in my wonderful Cuisinart 600 watt blender.
NO having to heat anything here at all!
Into the blender goes….
one 12 oz can of evaporated milk( NOT low fat)
12 oz of whole milk.
one whole packet of instant nonfat dry milk.
3/4 cup to one cup of granulated sugar.
now for the surprise flavorings, I add Orange Tang powder just up to the one quart level which you can see on the inner part of the cover
AND 2 packets of the flavor strawberry/ watermelon put out by a company called Crystal light. This is a sugar free product.
Next, put your blender on high for a 2 minute cycle, I like to repeat for another 2 minutes to make sure all is completely blended.
Now I add this concoction to freezer safe plastic containers with covers. The freezing process will take a while, I think many hours, so just keep checking often to see how it’s progressing.
This ice cream is sooooo smooth and creamy, and the powdered flavorings I told you to use impart a really wonderful and natural taste sensation enjoy!!!
I think it’s stupid worrying about sugar when eating ice cream. It’s a dessert it shouldn’t be eaten everyday. I don’t eat grains and especially wheat! The most carbs I eat daily are in avocados or in capsicums, so I have no problem eating ice cream occasionally. Also if you don’t want to eat rich creamy ice cream you should make gelato,I sometimes make it for a change.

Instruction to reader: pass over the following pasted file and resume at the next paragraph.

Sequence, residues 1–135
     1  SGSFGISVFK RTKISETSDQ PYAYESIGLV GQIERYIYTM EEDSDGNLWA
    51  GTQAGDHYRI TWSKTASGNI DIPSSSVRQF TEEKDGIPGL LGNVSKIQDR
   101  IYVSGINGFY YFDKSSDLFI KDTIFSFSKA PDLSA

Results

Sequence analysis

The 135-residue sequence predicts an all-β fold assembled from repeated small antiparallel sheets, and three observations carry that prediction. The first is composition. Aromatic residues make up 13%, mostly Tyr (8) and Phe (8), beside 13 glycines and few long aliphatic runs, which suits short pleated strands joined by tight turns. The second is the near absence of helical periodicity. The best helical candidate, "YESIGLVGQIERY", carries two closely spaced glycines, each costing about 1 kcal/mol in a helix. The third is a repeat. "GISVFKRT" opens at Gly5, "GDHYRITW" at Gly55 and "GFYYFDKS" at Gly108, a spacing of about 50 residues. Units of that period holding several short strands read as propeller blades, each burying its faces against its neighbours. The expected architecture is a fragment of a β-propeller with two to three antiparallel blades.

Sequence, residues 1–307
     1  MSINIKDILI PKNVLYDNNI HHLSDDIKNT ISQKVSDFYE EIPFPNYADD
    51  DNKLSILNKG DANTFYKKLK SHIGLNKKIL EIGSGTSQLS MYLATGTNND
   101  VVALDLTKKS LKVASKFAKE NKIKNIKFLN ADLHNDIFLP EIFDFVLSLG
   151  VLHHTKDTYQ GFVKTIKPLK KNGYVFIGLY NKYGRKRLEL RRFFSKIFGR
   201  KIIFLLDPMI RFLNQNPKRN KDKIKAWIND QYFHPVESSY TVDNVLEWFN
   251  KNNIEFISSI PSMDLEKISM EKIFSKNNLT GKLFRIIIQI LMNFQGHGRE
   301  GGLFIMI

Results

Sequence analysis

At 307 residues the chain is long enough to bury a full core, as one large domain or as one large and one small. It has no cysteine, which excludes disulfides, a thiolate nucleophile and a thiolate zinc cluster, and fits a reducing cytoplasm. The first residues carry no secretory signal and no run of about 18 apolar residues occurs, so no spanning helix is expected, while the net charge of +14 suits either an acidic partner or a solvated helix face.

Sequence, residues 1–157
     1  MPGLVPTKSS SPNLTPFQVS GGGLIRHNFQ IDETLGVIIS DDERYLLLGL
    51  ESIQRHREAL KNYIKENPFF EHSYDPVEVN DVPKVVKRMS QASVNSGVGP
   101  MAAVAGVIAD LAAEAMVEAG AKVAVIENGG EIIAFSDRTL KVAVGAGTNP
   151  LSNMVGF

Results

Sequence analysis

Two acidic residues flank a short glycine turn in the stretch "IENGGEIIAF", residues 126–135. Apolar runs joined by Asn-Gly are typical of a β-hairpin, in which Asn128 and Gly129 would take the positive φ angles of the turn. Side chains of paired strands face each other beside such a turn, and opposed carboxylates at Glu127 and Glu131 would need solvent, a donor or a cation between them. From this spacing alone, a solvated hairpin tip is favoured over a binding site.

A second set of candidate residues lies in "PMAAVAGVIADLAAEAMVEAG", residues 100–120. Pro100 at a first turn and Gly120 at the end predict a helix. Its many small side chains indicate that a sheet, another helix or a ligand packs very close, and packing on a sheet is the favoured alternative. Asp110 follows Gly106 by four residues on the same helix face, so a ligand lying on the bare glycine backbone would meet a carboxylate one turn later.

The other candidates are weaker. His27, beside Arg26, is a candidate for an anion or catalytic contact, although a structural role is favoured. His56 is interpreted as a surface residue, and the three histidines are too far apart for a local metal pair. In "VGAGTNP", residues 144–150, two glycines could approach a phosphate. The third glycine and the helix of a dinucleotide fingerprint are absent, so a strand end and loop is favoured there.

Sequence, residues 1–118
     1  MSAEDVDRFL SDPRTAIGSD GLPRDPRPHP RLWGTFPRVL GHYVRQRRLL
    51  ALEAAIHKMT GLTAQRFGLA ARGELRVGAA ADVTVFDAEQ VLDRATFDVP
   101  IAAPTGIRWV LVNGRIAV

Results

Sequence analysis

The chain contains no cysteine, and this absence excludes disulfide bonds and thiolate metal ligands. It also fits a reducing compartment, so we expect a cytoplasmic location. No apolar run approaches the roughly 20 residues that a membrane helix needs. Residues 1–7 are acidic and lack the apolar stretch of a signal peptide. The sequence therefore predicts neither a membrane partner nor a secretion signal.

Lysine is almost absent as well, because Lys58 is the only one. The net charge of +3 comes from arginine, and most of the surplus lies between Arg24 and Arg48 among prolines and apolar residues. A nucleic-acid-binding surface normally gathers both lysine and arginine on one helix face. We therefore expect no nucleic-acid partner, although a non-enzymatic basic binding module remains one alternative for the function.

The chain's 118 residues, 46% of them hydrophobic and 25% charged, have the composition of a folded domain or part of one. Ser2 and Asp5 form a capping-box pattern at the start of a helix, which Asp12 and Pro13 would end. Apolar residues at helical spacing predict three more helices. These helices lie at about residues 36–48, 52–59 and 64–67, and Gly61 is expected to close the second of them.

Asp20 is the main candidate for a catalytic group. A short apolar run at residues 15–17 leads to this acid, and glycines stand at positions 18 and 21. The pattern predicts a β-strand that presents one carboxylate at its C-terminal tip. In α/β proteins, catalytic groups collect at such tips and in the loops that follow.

I make super premium ice cream. 15 – 20 percent overrun, 20-25 percent fat. It lasts 1 to 2 weeks before I start seeing ice (but it never lasts that long). I don’t recommend using stabilizers unless you’re a commercial ice cream company. People would rather eat amazing ice cream that needs to be eaten with in a week or two, rather than ice cream with 75 – 100 percent overrun and full of stabilizers. But dextrose is a great sugar to help with making ice cream softer straight out of the freezer. I made white chocolate and yuzu ice cream yesterday.
I don’t bother tempering eggs it’s a waste of time. I mix 6 egg yolks with 170 grams of sugar. Then mix in 500 grams of double cream. Then mix in 55 grams of skim milk powder (very important to creamy ice cream). Then mix in 350 grams of full cream milk. Optional 25 grams of dextrose. then put in 10 grams of sieved yuzu powder.
Once mixed well I heat the base to 72c, then heat for a further 60 to 75 minutes at 72c to pasteurise and evaporate some of the water.
Once I finish heating the base I pour it onto 275 grams of finely chopped white chocolate and mix until smooth. This recipe is better than anything from a supermarket.